Background Few previous studies have examined non-wealth-based inequalities in child mortality within developing countries. This study estimates changes in under-5-year-olds and neonatal mortality in Nepal across a range of subnational levels, which allows us to assess the degree of equity in Nepal's progress towards Millennium Development Goal 4.
Methods Direct estimates of under-5-year-olds and neonatal death rates were generated for 1990–2005 using three Demographic and Health Surveys and two Living Standards Surveys by the following levels: national, rural/urban location, ecological region, development region, ethnicity and wealth. Absolute and relative inequalities were measured by rate differences and rate ratios, respectively. Additionally, wealth-related inequality was calculated using slope and relative indexes of inequality and concentration indices.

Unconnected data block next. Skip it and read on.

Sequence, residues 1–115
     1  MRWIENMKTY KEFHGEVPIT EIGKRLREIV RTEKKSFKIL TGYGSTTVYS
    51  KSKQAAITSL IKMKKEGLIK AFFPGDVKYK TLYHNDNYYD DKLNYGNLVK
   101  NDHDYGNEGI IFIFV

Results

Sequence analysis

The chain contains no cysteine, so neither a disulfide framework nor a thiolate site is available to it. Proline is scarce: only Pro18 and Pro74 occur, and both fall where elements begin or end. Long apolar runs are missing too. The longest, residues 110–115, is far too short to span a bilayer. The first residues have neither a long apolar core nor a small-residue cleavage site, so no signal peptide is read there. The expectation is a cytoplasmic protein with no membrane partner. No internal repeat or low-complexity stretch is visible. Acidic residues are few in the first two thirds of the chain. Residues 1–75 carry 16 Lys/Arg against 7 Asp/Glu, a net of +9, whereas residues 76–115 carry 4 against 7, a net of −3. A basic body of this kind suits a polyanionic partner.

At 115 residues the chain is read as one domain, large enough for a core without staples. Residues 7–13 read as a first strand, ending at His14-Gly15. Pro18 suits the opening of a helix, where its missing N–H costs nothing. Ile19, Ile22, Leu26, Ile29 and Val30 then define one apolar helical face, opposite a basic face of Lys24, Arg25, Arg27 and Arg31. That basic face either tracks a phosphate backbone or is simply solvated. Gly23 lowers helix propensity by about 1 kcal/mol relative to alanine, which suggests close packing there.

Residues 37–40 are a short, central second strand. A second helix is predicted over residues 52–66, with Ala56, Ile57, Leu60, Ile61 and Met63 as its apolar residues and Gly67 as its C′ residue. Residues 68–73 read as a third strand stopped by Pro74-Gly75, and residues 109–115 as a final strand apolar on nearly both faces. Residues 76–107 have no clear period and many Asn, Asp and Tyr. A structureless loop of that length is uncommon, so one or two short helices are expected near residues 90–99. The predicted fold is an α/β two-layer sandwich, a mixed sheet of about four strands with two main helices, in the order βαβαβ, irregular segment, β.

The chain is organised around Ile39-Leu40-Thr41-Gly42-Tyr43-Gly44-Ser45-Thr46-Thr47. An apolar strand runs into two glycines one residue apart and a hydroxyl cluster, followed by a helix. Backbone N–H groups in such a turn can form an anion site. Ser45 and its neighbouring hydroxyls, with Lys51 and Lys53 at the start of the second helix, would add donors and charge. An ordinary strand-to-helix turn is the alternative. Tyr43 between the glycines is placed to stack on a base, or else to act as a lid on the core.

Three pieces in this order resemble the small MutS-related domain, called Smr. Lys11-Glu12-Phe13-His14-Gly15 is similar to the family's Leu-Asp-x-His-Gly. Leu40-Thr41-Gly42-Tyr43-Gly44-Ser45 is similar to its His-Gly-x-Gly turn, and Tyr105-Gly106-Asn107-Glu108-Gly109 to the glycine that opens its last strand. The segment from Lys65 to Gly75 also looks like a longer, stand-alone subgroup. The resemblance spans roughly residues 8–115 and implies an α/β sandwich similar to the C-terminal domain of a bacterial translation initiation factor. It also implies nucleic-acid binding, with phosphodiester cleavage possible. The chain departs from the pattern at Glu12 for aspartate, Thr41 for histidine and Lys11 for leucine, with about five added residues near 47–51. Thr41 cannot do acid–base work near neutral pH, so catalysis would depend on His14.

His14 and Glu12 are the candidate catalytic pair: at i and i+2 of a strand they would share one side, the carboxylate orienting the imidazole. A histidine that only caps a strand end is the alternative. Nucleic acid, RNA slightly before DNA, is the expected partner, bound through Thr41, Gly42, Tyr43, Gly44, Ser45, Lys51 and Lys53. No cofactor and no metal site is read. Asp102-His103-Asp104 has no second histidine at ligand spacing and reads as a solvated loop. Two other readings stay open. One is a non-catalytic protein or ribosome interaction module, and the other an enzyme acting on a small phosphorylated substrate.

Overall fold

Results Estimates suggest that while most rates of under-5-year-olds and neonatal mortality have declined across the different equity markers, leading to a downward trend in absolute inequalities, relative inequalities appear to have remained stable over time. The decline in absolute inequalities is strongest for under-5-year-olds’ mortality, with no statistically significant trend in either relative or absolute inequalities found for neonatal mortality. A possible increase in inequalities, at least in relative terms, was found across development regions, where death rates remain high in the mid-western region.
Conclusions By 2015, our estimates suggest that more than 65% of deaths of under-5-year-olds will occur in the neonatal period, with stable trends in neonatal mortality inequalities. These findings along with the fact that health outcomes for neonates are more highly dependent on health systems, suggest further equitable reductions in under-5-year-olds mortality will require broad health-system strengthening, with a focus on the improvement of healthcare services provided for mothers and newborns. Other inequities suggest continued special attention for vulnerable subpopulations is warranted, particularly to overcome social exclusion and financial barriers to care in urban areas.
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